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The USGS St. Petersburg Coastal and Marine Science Center has partnered with the Pier Aquarium in downtown St. Petersburg, Florida, to create a distinctive aquatic display of a mangrove ecosystem with Caribbean corals.

by Matthew Cimitile 

A photo of an aquarium decked out with fish, rocks, anemones, urchins, and sponges.
A sergeant major fish (type of damselfish) swims by an assortment of live rock, sea anemones, sea urchins, and sponges within the mangrove-ecosystem aquarium at the USGS St. Petersburg Coastal and Marine Science Center.

Seeking to find new, creative ways to communicate and educate the public and our partners on U.S. Geological Survey (USGS) research, the USGS St. Petersburg Coastal and Marine Science Center has partnered with the Pier Aquarium in downtown St. Petersburg, Florida, to create a distinctive aquatic display of a mangrove ecosystem with Caribbean corals. Stocked and maintained by Pier Aquarium personnel and located at the USGS center, the display is designed to complement ongoing USGS research.

The goal is to create a setting that resembles the unique coral-mangrove environment found in an area of St. Johns Virgin Islands National Park called Hurricane Hole. At Hurricane Hole, a highly diverse, colorful array of corals was recently discovered living among mangrove roots in the shade of red mangrove trees.

The new partnership grew out of discussions between USGS Information Specialist Ann Tihansky and Pier Aquarium Curator of Exhibits Butch Ringelspaugh about producing and maintaining an aquatic display that would showcase the local marine life of south Florida and the greater Caribbean. Ringelspaugh was inspired by research on the unique environment at Hurricane Hole to expand on the local feel and replicate a coral-mangrove ecosystem at the USGS center.

Photo of mangrove roots growing in a small aquarium.
Red mangrove roots are firmly established in the thick sand bed, where they filter out nitrogen and phosphate. Corals will soon be introduced in the hope that they will settle among the mangrove roots.

"I had read about the research involving corals living among mangroves in Hurricane Hole in St. Johns in science journals and in Sound Waves, and I figured it would be perfect to try to replicate that environment as a great teaching tool to highlight what the USGS does," said Ringelspaugh. "Using a mangrove to display a coral-reef habitat is unheard of and would be a one-of-a-kind aquarium."

Ringelspaugh's first step was to establish a stable environment and good water quality before introducing fish and creating the coral-mangrove setting. To create a suitable environment, he applied the Pier Aquarium's natural filtration method of utilizing microorganisms that inhabit deep sand beds and porous rock (called "live rock" because of its tiny inhabitants) to filter out ammonia and nitrate from the water. The mangrove roots also filtered water by pulling out nitrogen and phosphate. The tank was then allowed to cycle the water for a few weeks, allowing bacteria and other parameters to reach equilibrium suitable for marine organisms to thrive. 

Currently, a red mangrove tree grows out of the center of the open tank. A vibrant marine ecosystem of damselfish, Spanish hogfish, sea urchins, starfish, hermit crabs, horseshoe crabs, sea anemones, feather duster worms, and several species of sponge make their homes below and among the mangrove roots, which are firmly established in the thick sand. The next step is to introduce coral species, such as those found at Hurricane Hole, hoping they will settle in among the mangrove roots. This gives the Pier Aquarium the opportunity to expand on skills in designing, establishing, and managing aquariums of unique marine environments.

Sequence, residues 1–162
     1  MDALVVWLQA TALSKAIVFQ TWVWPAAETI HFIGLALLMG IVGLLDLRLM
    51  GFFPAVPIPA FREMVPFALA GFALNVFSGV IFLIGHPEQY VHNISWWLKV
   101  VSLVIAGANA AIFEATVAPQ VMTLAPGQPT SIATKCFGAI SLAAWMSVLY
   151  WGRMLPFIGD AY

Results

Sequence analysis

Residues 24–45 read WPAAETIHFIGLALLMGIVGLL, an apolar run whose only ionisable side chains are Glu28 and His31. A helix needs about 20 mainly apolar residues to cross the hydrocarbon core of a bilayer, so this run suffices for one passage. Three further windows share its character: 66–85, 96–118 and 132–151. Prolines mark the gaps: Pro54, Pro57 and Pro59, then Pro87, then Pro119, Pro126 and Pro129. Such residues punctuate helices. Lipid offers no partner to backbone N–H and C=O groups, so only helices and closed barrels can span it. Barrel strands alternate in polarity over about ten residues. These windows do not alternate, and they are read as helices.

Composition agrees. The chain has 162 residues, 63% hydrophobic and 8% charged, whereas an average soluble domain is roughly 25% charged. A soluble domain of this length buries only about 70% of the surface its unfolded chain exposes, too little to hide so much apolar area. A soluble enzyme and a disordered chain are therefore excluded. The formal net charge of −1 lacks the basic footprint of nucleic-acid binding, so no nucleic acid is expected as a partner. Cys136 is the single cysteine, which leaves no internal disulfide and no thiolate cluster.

An aquarium can be a useful communication and education tool to highlight the complexity and beauty of marine environments; it can fascinate viewers and stimulate discussion on current marine issues. "Seeing a sea cucumber or a hermit crab feed for the first time can spur interest and make people want to find out more about coastal and marine science," said Tihansky. "If you don't snorkel and put your head in the water, you have no idea of the complexity of the marine environment that's around you every day. This is a living laboratory, and as a scientific organization we are grateful we can provide a platform that communicates research and helps educate the public on marine issues."

As an exhibit curator, Ringelspaugh plans to create additional aquariums with an educational focus to teach the public about marine science and conservation. "Highlighting research, technology, and conservation-based issues within the exhibit is a great way to grab someone's attention and start them thinking about problems, issues, and solutions," said Ringelspaugh.

The coral-mangrove aquarium project began almost a year ago. Since then, Pier Aquarium personnel have been common fixtures at the USGS center as they maintain the tank and participate in our annual Open House. At this year's annual event, they spoke to visitors about the ecosystem within the aquarium and what it takes to establish a working community of fish, sponges, and other saltwater marine life.

"Projects like these strengthen relationships between the Pier Aquarium and the rest of the marine-science community in Tampa Bay," said E. Howard Rutherford, President and CEO of the Pier Aquarium. "Our vision is that this live exhibit will complement ongoing research. It's a wonderful example of what the USGS is doing, and a great visual display of the environment in which research is taking place."

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